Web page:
I love jewelry. It is my strongest vanity. I have no interest in fashion or cars, but jewelry is my Achilles' heel. I often look at the gems my husband has given me and wonder how many hungry kids each could feed. Yet my collection grows. Sometimes I see a fancy piece in a store or catalog and question whether I would trade one of mine for it? No matter how big or pretty it might be, though, I know I would never swap my beautiful jewels because each holds a story.
For the first portion of my marriage, I worried a lot about other women. I didn't worry about my husband actually cheating. I just feared that he would meet some fabulous woman and wish that he had married her — like that commercial where the guy slaps his forehead and exclaims, "I could have had a V8!"
When my husband and I were first married, we had many arguments about golfing. Not the game, itself; just the time spent at it. During one of these exchanges, he said to me, "Well, I could be out in the bars chasing women." To which I replied, "Are those my only choices?"
In college, I knew a woman who had a long-distance boyfriend. I asked her how she dealt with wondering if he was being faithful. She said, "I used to worry about that. Then I realized I could only control what I was doing." She shrugged, "I just concentrate on keeping my side of the bargain. He's got to worry about his side."
I am not proud of the fact that I have often judged people who stayed with someone who had strayed. In fact, there were times when I viewed sexual cheating as the ultimate deal-breaker — as if it were the only hurt a partner could render. When my husband and I were first dating, I "casually" brought up the issue of monogamy: Did he think it was important? Solemnly (thankfully), he replied, "I think it's the only way." Placating me? Maybe, but I took it.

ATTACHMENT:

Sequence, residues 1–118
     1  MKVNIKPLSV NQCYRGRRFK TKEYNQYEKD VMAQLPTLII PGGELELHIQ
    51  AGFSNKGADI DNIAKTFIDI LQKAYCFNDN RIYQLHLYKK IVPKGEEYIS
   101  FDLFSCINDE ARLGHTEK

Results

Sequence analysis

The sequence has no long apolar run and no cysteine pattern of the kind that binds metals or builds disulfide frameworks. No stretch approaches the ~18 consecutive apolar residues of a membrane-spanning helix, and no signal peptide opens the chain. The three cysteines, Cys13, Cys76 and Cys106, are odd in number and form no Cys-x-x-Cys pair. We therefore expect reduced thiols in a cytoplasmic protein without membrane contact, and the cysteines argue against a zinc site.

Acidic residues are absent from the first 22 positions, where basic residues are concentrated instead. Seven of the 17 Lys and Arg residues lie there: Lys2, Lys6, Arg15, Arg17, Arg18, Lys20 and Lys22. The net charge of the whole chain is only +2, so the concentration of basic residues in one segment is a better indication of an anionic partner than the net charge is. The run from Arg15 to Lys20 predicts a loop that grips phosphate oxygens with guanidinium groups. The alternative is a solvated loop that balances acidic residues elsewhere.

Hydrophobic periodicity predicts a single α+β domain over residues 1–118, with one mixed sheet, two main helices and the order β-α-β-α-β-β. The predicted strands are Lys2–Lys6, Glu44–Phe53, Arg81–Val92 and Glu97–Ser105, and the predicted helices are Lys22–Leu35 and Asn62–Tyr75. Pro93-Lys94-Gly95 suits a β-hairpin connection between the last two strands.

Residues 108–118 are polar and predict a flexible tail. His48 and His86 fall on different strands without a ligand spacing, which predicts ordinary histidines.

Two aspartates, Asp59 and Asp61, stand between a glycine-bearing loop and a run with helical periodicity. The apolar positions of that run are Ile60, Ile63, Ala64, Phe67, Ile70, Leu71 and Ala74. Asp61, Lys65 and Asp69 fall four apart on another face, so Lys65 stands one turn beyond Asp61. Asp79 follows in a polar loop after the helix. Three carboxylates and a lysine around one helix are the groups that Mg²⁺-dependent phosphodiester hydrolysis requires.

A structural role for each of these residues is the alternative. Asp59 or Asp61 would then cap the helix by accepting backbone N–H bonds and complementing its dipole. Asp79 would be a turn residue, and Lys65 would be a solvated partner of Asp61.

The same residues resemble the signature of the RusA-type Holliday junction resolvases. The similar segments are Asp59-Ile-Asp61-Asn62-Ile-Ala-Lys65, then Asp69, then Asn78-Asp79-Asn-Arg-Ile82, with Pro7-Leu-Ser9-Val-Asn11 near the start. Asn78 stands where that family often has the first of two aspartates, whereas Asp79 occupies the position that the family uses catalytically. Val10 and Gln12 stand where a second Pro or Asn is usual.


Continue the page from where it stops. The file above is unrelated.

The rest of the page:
Fidelity: "1. strict observance of promises, duties. 2. loyalty." Why do we primarily think of fidelity in terms of sex? Why do we focus so much on that aspect of marriage? Don't get me wrong, I fully believe in only sharing our bodies with our spouses; in it being "the only way." But isn't fidelity broader than that? Aren't there many levels to marital loyalty? How many marriages have slowly died because of neglect? Because of not listening to each other's dreams? Of not listening at all? How many marriages could have been saved with some appreciation and understanding? There have been periods in my marriage when communication has faltered, when there has been a distance. During those very silent times, the thought of my husband confiding in someone else scared me more (I think) than the fear of a physical betrayal.
When my husband teases me about having a boyfriend, I reply, "Don't be silly. I would never cheat on the children." And I mean that. Infidelity isn't just about two people's hurt; it's a family wound. Whether the affair is kept secret is irrelevant. Within the family, there is a festering, even if the splinter is untraceable.
I used to feel that if my husband had an affair — in word or deed (please, God, forbid) — it would be because he saw a bigger, better gem. It would be about getting an upgrade. I thought it would have to do with my shortcomings, with me not being enough. I certainly do believe that my marriage could weaken, that it could break down and become vulnerable to disloyalty, and I would own a piece of that. But I also believe that cheating is a decision that has everything to do with the cheater. It comes in many forms and slights. We all cheat — whether with an actual affair, a shutting down, a disrespect, a dismissal. But then follows the act of forgiving or of not, and that is not for an outsider or society to judge. That decision is only made within the tiny community of "us."
Mary White is from the Malone area. She and her husband have five children, eight cats, two dogs and three guinea pigs. She has had the privilege of working with children and families (her own and other people's) for more than 20 years.